Muhammad Sharif told the BBC he saw his son Urfan Sharif, Sara’s father, soon after he arrived in the city of Jhelum, in the South Asian country, and said he had fled the UK out of “fear”.
Sara’s body was found at a property in Hammond Road, Woking, after police were called from Pakistan by her father on August 10 and a post-mortem examination later found she had suffered “multiple and extensive injuries” over a “sustained and extended” period of time.
Mr Sharif, 41, his partner, Beinash Batool, 29, and his brother, Faisal Malik, 28, are thought to have travelled to Islamabad on August 9 and are wanted for questioning.
They travelled with five children aged between one and 13 years old, Surrey Police said.
Speaking to the BBC, her grandfather joined other family members in Pakistan to appeal for the three to return to the UK.
He said: “It was an accident, he didn’t tell me how it happened.”
Asked why they had fled, he said: “Because of fear.
“His daughter died and when you go under so much trauma, obviously you can’t think properly.”
He urged them to co-operate with the police inquiry, adding he had not seen them recently.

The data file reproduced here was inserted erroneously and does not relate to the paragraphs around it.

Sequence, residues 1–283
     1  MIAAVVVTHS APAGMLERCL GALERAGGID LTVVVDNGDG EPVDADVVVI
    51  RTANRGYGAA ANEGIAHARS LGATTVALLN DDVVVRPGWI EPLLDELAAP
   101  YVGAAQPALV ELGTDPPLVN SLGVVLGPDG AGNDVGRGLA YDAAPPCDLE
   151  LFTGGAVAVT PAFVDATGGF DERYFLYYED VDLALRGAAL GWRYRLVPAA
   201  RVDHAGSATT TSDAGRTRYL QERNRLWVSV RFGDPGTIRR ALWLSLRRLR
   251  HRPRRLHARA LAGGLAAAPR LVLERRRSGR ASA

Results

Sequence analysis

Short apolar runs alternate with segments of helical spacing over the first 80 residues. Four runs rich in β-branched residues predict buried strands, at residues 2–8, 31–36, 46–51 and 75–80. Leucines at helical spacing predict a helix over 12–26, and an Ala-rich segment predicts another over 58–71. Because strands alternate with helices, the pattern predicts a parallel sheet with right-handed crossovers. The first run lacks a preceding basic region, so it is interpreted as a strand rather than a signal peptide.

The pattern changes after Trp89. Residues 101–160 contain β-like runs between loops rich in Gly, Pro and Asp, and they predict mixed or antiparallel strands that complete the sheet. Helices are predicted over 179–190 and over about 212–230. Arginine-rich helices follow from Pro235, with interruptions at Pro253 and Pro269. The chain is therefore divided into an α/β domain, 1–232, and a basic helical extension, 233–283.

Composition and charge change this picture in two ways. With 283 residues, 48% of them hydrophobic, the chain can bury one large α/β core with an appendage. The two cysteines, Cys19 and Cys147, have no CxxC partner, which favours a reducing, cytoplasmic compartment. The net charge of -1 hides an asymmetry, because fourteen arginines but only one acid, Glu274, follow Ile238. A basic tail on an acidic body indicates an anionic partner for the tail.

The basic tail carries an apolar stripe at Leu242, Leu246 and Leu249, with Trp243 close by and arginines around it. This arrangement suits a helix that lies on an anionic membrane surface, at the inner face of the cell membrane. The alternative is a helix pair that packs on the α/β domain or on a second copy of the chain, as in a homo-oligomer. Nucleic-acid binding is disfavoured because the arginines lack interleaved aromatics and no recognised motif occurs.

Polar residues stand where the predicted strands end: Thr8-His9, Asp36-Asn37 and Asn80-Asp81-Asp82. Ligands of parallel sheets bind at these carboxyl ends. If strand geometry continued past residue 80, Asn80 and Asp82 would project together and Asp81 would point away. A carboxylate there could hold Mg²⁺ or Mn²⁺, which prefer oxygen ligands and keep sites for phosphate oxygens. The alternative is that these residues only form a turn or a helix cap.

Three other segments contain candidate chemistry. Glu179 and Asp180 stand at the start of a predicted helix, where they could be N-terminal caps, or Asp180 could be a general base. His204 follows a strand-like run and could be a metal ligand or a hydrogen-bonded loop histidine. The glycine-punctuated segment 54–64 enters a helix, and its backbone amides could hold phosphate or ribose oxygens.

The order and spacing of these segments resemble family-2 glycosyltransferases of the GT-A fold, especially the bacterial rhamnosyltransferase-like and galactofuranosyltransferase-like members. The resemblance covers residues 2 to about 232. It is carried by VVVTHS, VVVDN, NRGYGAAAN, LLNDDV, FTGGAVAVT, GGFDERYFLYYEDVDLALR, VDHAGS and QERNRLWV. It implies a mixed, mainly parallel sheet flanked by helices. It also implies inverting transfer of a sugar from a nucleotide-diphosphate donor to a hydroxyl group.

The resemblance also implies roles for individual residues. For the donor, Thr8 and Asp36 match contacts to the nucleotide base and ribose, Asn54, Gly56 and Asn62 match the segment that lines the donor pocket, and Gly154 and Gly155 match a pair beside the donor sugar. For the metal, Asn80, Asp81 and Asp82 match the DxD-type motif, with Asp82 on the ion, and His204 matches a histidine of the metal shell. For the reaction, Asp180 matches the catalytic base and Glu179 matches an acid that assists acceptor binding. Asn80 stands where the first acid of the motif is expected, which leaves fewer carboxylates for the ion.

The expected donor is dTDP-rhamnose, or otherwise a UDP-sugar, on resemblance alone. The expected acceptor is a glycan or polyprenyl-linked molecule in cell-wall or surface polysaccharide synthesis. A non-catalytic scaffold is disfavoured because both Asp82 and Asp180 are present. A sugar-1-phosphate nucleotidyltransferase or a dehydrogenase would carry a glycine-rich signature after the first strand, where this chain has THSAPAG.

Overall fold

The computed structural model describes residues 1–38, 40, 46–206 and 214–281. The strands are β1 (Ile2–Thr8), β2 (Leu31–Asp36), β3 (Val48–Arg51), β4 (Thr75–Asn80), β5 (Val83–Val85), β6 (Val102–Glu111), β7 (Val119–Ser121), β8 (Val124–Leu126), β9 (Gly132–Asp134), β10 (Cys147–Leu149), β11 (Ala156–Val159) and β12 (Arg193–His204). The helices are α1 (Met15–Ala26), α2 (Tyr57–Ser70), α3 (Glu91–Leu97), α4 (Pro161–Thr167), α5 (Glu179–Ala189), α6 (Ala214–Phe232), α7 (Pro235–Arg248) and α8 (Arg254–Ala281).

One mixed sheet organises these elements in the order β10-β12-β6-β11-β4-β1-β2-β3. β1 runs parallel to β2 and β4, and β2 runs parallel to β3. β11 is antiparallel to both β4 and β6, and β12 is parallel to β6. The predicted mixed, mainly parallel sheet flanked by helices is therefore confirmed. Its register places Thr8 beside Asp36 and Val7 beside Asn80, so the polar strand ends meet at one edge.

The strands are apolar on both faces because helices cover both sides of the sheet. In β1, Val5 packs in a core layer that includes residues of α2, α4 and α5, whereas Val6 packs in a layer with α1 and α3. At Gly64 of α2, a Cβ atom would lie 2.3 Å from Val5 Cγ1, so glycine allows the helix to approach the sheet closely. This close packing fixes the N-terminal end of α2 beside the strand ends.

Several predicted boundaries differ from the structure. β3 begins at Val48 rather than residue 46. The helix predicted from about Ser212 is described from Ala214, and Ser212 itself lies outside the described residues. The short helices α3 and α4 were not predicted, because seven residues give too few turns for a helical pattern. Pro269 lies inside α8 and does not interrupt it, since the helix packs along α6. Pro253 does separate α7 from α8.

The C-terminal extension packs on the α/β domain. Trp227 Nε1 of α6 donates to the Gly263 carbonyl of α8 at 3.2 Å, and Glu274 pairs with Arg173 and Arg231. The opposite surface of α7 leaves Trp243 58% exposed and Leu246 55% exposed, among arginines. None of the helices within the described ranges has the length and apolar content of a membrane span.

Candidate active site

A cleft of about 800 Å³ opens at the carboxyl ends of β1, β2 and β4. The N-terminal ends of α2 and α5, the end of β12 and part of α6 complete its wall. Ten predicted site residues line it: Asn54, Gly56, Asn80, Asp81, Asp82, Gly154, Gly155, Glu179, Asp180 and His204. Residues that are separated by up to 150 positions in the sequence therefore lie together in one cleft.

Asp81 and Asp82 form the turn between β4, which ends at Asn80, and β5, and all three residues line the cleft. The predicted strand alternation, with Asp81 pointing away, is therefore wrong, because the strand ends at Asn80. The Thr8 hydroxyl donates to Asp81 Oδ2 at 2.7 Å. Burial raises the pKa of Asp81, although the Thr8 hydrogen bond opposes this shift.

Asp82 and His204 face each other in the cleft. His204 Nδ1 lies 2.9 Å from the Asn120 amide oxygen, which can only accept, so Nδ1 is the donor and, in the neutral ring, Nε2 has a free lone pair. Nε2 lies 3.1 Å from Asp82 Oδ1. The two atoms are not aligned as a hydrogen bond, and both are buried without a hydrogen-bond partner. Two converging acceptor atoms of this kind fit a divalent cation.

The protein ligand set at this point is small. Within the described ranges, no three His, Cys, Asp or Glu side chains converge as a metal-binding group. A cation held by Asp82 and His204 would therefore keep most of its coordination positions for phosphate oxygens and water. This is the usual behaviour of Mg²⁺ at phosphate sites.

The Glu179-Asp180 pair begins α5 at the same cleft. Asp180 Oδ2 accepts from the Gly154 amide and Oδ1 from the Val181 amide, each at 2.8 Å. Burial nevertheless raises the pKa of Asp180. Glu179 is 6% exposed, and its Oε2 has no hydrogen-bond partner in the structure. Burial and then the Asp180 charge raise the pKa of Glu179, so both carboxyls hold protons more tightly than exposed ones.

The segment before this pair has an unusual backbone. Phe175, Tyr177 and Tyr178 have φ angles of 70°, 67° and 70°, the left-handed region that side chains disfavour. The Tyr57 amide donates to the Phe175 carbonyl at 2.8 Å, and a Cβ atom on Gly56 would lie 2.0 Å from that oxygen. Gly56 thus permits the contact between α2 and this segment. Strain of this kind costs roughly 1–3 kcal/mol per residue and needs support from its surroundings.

He said: “All I can say is that they should have faced the case. They should have stayed there and faced it instead.
“They will ultimately go back to the UK and face their case.”
Surrey Police are appealing for information to help them piece together a picture of Sara’s lifestyle prior to her death.
Sara’s mother, Olga Sharif, is being supported by specialist officers.
Surrey County Council previously told the PA news agency Sara was known to the local authority.
Authorities in Pakistan are searching for the trio and lawyers in the UK have said the nation’s government is unlikely to block an extradition request in connection to Sara’s death.
There is no formal extradition treaty between the UK and Pakistan but people have been returned from the Asian country before.